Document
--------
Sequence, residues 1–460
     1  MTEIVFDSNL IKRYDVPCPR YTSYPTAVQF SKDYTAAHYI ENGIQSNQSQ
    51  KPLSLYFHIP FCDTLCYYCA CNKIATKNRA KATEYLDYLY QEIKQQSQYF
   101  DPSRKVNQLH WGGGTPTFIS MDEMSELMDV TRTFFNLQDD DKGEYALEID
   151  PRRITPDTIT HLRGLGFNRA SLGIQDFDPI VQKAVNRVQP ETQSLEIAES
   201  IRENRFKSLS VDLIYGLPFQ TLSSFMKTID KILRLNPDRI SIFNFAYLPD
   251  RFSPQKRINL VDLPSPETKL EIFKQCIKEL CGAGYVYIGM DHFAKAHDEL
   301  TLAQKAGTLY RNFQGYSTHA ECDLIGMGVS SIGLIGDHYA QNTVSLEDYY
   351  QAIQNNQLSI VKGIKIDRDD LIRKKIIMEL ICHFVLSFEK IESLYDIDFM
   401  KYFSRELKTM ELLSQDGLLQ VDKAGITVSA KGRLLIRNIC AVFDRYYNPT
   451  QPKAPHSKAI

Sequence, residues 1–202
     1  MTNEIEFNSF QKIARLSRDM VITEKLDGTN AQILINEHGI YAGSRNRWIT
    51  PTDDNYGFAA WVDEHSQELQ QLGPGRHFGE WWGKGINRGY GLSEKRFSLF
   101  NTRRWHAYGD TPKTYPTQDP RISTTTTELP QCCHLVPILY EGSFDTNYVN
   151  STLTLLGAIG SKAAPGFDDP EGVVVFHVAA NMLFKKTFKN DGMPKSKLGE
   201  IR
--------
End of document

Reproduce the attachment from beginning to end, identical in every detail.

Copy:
Sequence, residues 1–460
     1  MTEIVFDSNL IKRYDVPCPR YTSYPTAVQF SKDYTAAHYI ENGIQSNQSQ
    51  KPLSLYFHIP FCDTLCYYCA CNKIATKNRA KATEYLDYLY QEIKQQSQYF
   101  DPSRKVNQLH WGGGTPTFIS MDEMSELMDV TRTFFNLQDD DKGEYALEID
   151  PRRITPDTIT HLRGLGFNRA SLGIQDFDPI VQKAVNRVQP ETQSLEIAES
   201  IRENRFKSLS VDLIYGLPFQ TLSSFMKTID KILRLNPDRI SIFNFAYLPD
   251  RFSPQKRINL VDLPSPETKL EIFKQCIKEL CGAGYVYIGM DHFAKAHDEL
   301  TLAQKAGTLY RNFQGYSTHA ECDLIGMGVS SIGLIGDHYA QNTVSLEDYY
   351  QAIQNNQLSI VKGIKIDRDD LIRKKIIMEL ICHFVLSFEK IESLYDIDFM
   401  KYFSRELKTM ELLSQDGLLQ VDKAGITVSA KGRLLIRNIC AVFDRYYNPT
   451  QPKAPHSKAI

Sequence, residues 1–202
     1  MTNEIEFNSF QKIARLSRDM VITEKLDGTN AQILINEHGI YAGSRNRWIT
    51  PTDDNYGFAA WVDEHSQELQ QLGPGRHFGE WWGKGINRGY GLSEKRFSLF
   101  NTRRWHAYGD TPKTYPTQDP RISTTTTELP QCCHLVPILY EGSFDTNYVN
   151  STLTLLGAIG SKAAPGFDDP EGVVVFHVAA NMLFKKTFKN DGMPKSKLGE
   201  IR